Our success has inspired us to continue the development of our student conduct program and currently we are developing a curricular approach to student conduct. Our educational plan has already been developed and we look forward to implementing new educational strategies with an ability to truly assess the learning that is happening. These strategies are used to create intentional opportunities for student learning, both proactively and reactively.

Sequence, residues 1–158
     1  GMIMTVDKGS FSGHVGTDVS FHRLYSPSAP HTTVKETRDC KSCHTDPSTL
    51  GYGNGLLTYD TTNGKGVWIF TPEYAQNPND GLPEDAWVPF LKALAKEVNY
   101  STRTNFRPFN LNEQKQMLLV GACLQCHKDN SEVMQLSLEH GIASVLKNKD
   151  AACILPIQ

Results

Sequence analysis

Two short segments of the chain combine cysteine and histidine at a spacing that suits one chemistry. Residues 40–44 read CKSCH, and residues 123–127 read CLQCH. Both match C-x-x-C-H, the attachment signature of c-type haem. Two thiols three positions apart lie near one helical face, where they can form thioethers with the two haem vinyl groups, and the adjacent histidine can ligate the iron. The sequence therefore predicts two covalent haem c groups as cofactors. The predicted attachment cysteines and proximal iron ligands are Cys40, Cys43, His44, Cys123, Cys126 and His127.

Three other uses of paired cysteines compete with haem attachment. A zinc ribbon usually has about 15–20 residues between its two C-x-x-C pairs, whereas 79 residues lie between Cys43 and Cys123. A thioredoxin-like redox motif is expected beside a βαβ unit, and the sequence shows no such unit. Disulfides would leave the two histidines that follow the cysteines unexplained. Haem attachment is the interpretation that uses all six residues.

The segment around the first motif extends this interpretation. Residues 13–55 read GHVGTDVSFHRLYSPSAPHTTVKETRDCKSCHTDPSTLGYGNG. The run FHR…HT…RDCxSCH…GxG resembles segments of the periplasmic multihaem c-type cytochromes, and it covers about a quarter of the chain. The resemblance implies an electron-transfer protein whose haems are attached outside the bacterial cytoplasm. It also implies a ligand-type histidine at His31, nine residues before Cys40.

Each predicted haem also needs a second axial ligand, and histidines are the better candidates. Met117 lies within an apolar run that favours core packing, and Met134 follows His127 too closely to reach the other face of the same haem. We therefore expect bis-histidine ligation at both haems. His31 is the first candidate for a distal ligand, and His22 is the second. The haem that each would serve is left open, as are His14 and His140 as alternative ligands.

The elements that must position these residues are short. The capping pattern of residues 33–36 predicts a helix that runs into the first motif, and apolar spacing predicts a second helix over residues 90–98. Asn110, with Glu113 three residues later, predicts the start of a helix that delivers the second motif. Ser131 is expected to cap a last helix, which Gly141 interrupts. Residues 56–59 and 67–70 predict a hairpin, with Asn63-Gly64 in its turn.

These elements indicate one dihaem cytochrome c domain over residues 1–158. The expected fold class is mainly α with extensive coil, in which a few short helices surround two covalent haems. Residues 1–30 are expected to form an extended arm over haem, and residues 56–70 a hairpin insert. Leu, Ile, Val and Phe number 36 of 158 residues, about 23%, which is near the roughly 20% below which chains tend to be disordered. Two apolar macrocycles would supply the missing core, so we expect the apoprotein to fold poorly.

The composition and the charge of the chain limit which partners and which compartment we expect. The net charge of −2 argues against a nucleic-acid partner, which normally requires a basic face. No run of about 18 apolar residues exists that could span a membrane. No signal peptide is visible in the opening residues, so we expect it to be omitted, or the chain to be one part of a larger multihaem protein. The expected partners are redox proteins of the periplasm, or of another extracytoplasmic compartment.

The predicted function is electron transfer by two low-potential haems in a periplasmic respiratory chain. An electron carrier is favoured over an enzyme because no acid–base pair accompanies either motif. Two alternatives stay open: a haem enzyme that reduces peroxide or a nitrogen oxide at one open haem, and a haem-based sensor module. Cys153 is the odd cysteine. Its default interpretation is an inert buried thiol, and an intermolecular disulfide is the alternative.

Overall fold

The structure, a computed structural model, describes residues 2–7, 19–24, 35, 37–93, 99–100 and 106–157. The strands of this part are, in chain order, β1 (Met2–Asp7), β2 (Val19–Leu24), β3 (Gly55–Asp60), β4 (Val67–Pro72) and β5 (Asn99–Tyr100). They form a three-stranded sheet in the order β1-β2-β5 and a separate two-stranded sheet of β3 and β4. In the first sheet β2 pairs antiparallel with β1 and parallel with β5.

Proactive examples include purposeful summer communication with students, our educational orientation event “Res Talks”, and multiple social media and social norming campaigns at key times throughout the year. On the reactive side, we start facilitating a learning experience through the invitations we send our students to attend a conduct meeting by clearly explaining our student conduct process. During the meeting, we build rapport with the student and personalize the learning experience for that individual. This personal connection also helps to guide the conversation and provide areas to focus on with the student that are connected to our curricular learning goals (self-awareness, positive relationships, and community engagement). Once we have explored how the student can develop within the areas of our learning goals and be a more positive contributor within their communities, we mutually decide on an outcome that is appropriate for the situation. We use intentional outcomes as another important educational strategy, as each outcome is tailored to a purposeful learning experience related to the incident. These outcomes or sanctions may include reflections using a variety of mediums such as social media or a written journal, educational workshops, or in-meeting facilitated activities such as a concept map or a Venn-diagram activity.